Letters From Alaska: A Novel Trilogy
Author, John Shields (2008)
Price: $17.04, Paperback, 349 pages
Author, John Shields’ book is exceptional; he is a highly descriptive writer, in the genre of academic fiction. There is no question as to what his book is about. Shields’ prose is written as precise as a careful surgeon. His structural narrative with the minds and movements of his characters and plot, exhibits the theme clearly, and is well balanced. This book is second in Shields’ trilogy, which illustrates the middle years of the life of the protagonist, Ansley Perkins, as he was the intellectual collegiate, yet inexperienced young man, whose intellectual philosophy in the Postmodern view manifest fully in these college days, displaying his disconcert with the status quo as he views society in the light of the 60s in America: Viet Nam, Civil Rights, and animosity toward our country’s political machine. Shield’s knowledge of the subject is comprehensive.
Book II of Letters From Alaska depicts the collegiate community and Hippie Generation, being described through the eyes and intellect of graduate student, Ansley Perkins, an astute and ingenius young man who himself personifies the time period as it has never been understood before. Events, such as the war in Viet Nam, the Civil Rights Movement, the Hippie experience and the profuse hedonism of the 60s—sex, drugs and rock and roll—all reflecting the age of Postmodernism—are constructed precisely within the mind of the protagonist, who begins his journey in Alaska, at Alaska University, forming the ideas that he believes are a natural reaction to the professions of American patriotism, conformity and convention. It seems Ansley’s vision is to change the world and return man to man’s true place in nature and the universe, by examining traditional America head on. He is constantly challenging his peers, parents, and students with controversial behavior and claims, like outrageous poetry, like crow screetches, sarcasm, cynicism about professors, teachings of societal flaws to students; but also, courageous outbursts, and sincere searching through the newly developing postmodernist ideology. Ansley de-constructs every traditional idea and rails every chance he gets, against the status quo, to prove mostly to himself that he will not fall into the same patterns as those before him, one of the reasons why he chose Alaska University, teaching in a wilderness setting, yet unspoiled by the larger American society. He is obsessively concerned with man and society’s destination—he is obsessively concerned with his own life and his choices.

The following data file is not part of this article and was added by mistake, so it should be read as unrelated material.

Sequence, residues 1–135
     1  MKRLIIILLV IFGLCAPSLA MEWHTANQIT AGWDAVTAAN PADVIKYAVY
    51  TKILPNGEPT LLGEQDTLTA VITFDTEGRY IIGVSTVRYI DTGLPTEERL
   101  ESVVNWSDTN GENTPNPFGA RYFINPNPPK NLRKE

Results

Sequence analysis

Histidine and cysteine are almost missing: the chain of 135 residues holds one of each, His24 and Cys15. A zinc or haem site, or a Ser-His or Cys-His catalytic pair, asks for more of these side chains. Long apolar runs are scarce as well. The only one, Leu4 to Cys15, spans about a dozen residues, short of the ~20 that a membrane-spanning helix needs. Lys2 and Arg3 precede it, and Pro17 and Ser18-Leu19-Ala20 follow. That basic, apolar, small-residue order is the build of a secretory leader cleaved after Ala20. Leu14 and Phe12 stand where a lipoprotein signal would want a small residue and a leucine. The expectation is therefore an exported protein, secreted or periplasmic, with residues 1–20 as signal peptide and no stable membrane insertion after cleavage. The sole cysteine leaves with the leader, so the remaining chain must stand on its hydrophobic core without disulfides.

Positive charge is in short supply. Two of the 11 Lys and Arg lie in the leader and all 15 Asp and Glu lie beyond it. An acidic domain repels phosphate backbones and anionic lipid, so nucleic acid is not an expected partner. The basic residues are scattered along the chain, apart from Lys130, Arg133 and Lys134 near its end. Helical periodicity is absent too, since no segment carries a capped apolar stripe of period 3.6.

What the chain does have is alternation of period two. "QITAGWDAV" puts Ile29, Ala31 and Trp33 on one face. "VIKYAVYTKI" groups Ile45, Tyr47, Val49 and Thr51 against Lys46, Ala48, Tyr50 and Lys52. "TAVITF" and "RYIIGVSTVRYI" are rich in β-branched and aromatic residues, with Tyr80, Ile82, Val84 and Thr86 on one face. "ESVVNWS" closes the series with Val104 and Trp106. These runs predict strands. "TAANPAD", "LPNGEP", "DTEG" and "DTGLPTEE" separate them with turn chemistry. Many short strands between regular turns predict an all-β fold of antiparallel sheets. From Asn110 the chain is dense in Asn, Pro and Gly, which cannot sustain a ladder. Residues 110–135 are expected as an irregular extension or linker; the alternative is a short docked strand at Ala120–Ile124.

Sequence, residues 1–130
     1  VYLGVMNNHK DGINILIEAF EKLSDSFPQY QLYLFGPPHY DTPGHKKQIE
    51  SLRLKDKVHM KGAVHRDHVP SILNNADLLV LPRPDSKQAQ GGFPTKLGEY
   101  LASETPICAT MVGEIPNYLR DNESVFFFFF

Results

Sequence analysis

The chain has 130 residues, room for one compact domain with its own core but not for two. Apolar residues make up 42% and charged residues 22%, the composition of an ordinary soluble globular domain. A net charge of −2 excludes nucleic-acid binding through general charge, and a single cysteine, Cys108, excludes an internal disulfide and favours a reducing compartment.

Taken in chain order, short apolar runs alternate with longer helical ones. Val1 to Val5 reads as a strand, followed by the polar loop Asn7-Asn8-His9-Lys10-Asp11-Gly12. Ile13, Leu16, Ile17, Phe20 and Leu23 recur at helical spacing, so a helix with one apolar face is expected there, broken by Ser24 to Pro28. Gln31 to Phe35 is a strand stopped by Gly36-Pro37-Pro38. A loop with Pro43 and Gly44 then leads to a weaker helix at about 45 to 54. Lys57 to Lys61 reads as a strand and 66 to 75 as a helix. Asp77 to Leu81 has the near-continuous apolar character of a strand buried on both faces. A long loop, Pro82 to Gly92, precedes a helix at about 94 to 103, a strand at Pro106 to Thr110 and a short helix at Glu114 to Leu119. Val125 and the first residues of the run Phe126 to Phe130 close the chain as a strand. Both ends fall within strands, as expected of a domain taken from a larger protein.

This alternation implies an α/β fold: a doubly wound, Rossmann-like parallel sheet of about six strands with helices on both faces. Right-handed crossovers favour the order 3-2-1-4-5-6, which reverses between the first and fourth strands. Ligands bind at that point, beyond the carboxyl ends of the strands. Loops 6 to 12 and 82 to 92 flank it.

“It’s like the Freudian ego,” and I put ‘ego’ on the board beside Freud’s name. ‘Ego is the false self,’ I said; ‘ego is the mere appearance of the true self. It’s what stands there waiting to be adorned by roles and labels; it’s what bounces off society’s reflective screen. How society regards us is how we are to regard ourselves. There is no reality apart from society.’ (61)
Ansley relishes in his new wildlife surroundings, while being given classes to teach, and while working on his master’s degree, amidst the Alaskan wildlife. He is ever entranced and raptured by its natural state and beauty: “Rabbits abound; birds: an exceedingly large and rotund variety of pale gray jay. Mice, I imagine, amongst the mushrooms and fecund leaves; perhaps a shrew or two nosing around. No snakes. No snakes in Alaska.”(11) But he also has those yearnings in him that try to understand where he comes from, who and what his roots are, and why he has to listen to anyone or anything about the things he considers to be his own consequence and direction.
Ansley is the quintessential consciousness of the Postmodern Ideology at work. Throughout the book he analyzes his peers, his professors, his family, his fiancee’s family, and every one of the establishment. The reader explores the spirit within the man of the 60s generation—you can’t get any closer to the 60s than this, from the standpoint of an educated revolutionist in. Though subjective and from the standpoint of a particular type of man, it is a perspective and voice from the 60s generation, nonetheless. Ansley is anti-establishment, anti-war, and anti-conservative American thought at the boiling point of the post-modernist unrest. His motive seems to be to prove himself capable of living on the fringe of society, while not really believing in it, and not really accepting it, yet using it as he chooses. He wrestles with the need for it, the need to be in it, to work within the confines somehow, without being actually touched by it.
While Ansley still lives within the confines of society—like frequenting established eating houses, drinking and carousing with his friends, and enjoying the vehicles made by the grand machine of conformers, he still scoffs at all that there is, in favor of some primal return, and we see that Ansley Perkins is not only highly intelligent, but highly young and inexperienced in life, wanting to create in himself a kind of man different than the men he knows through his father, Suzanne’ father, and his sister’s husband, and other sell-outs.
This book, only one of the trilogy, will give you a deep understanding of one specific subculture of the 60s and its concepts about life and society, as well as one man’s personal growth, personal love, and personal identity.